Diabetes is a devastating disease that increases a patient’s risk for perioperative complications. In this study the investigators confirmed that with rocuronium, like vecuronium, neuromuscular blockade is prolonged in patients with type II diabetes. These results are clinically useful because they tell us it takes healthy, older patients (average age 60 years) an average of 85 minutes to recover fully from a single dose of 0.6 mg/kg rocuronium; you can add approximately 25 minutes to this time for a similarly aged adult with type II diabetes.

 

I think the take-home message from this is that you should always monitor neuromuscular function and realize that a diabetic patient may take longer to recover from a nondepolarizing neuromuscular blocking agent.

 

Dennis Spence, PhD, CRNA


The views expressed in this article are those of the author and do not reflect official policy or position of the Department of the Navy, the Department of Defense, the Uniformed Services University of the Health Sciences, or the United States Government


© Copyright 2014 Anesthesia Abstracts · Volume 8 Number 16, November 20, 2014





Postoperative opioid-induced respiratory depression

Anesthesiology 2015;122: 659–665

Lee LL, Caplan RA, Stephens LS, Posner KL, Terman GW, Voepel-Lewis T, Domino KB


Abstract

 

Purpose The purpose of this study was to identify clinically relevant aspects of respiratory depression recorded in malpractice insurance claims. The data source was the ASA closed claims project database.

 

Background Previous studies have identified a wide range for the incidence of respiratory depression during the first 24 hours postoperatively, 0.1% to 37%, depending in part upon the definition of “respiratory depression.” When respiratory depression was defined as the administration of naloxone, the incidence was low. When respiratory depression was defined in terms of respiratory rate or oxygen saturation, the incidence was much higher.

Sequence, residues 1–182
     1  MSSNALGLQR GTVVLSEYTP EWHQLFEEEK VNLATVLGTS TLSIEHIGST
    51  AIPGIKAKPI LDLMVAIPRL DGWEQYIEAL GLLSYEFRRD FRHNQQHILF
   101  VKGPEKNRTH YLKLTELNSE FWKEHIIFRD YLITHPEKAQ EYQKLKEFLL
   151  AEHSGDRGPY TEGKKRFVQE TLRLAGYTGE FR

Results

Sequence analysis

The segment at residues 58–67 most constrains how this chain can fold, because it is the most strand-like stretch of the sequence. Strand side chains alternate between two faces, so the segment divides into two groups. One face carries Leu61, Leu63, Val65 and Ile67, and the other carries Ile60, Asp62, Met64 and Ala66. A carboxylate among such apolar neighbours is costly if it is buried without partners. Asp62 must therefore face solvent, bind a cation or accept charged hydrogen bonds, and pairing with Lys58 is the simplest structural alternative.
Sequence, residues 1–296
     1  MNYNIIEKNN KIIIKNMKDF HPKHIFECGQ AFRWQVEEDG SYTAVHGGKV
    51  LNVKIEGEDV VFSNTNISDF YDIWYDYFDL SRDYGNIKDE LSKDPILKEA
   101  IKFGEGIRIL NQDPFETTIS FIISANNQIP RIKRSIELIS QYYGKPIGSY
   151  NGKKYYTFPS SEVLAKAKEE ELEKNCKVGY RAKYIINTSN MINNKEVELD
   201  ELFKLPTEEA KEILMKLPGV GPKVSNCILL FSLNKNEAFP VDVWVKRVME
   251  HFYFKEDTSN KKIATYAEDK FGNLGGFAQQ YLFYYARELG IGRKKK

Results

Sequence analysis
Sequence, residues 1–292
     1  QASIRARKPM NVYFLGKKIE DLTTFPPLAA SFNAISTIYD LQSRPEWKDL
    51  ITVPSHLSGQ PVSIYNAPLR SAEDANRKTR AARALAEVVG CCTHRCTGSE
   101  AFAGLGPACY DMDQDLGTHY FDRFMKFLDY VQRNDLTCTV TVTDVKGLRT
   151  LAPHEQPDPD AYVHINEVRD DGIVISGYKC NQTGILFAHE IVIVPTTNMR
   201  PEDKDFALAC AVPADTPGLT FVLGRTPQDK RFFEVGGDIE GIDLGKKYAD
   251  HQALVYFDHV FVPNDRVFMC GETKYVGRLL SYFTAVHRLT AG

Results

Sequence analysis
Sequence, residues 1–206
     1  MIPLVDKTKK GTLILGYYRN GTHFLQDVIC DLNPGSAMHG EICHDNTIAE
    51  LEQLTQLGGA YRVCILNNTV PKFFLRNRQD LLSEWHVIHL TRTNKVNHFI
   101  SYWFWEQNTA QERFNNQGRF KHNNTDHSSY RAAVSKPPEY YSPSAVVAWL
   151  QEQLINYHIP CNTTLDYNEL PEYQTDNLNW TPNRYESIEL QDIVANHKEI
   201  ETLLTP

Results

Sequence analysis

A JCAHO review spanning eight years of data associated “wrong dose”medication errors with half the cases of respiratory depression. The JCAHO subsequently recommended five steps to reduce the risk of postoperative respiratory depression in patients receiving opioids, largely based upon expert opinion:

  • identify patients at high risk for opioid-induced respiratory depression
  • use non-opioid analgesics
  • emphasize assessment of patient sedation, ventilation, & oxygenation
  • educate healthcare providers who monitor for respiratory depression
  • institute a quality improvement process for respiratory depression incidents

 

Methodology Investigators evaluated 9,799 records from the ASA closed malpractice claims database. Claims involving acute pain management and respiratory depression occurring between 1990 and 2009 were collected, 138 in all. The certainty that respiratory depression was present was defined using the following criteria:

 

Definite respiratory depression:

  • patient received naloxone and respirations improved
  • respiratory arrest
  • resuscitation

Probable respiratory depression:

  • respiratory rate < 8/min
  • somnolence
  • oxygen saturation <90% (unless abnormal baseline)
  • high opioid dose in patient not previously taking opioids
  • snoring, airway obstruction, cyanosis

Possible respiratory depression:

  • cardiac arrest not due to another cause and
  • risk factors for respiratory depression

 

Patients who experienced respiratory depression received opioids via a spinal or epidural, IVPCA, or IM/IV bolus. Each case was examined for factors that may have contributed to respiratory depression, such as:

  • Obstructive Sleep Apnea (diagnosed or high risk)
  • opioids given by multiple routes
  • multiple opioid prescribers simultaneously
  • history of chronic opioid use
  • time between last patient check and discovery of respiratory depression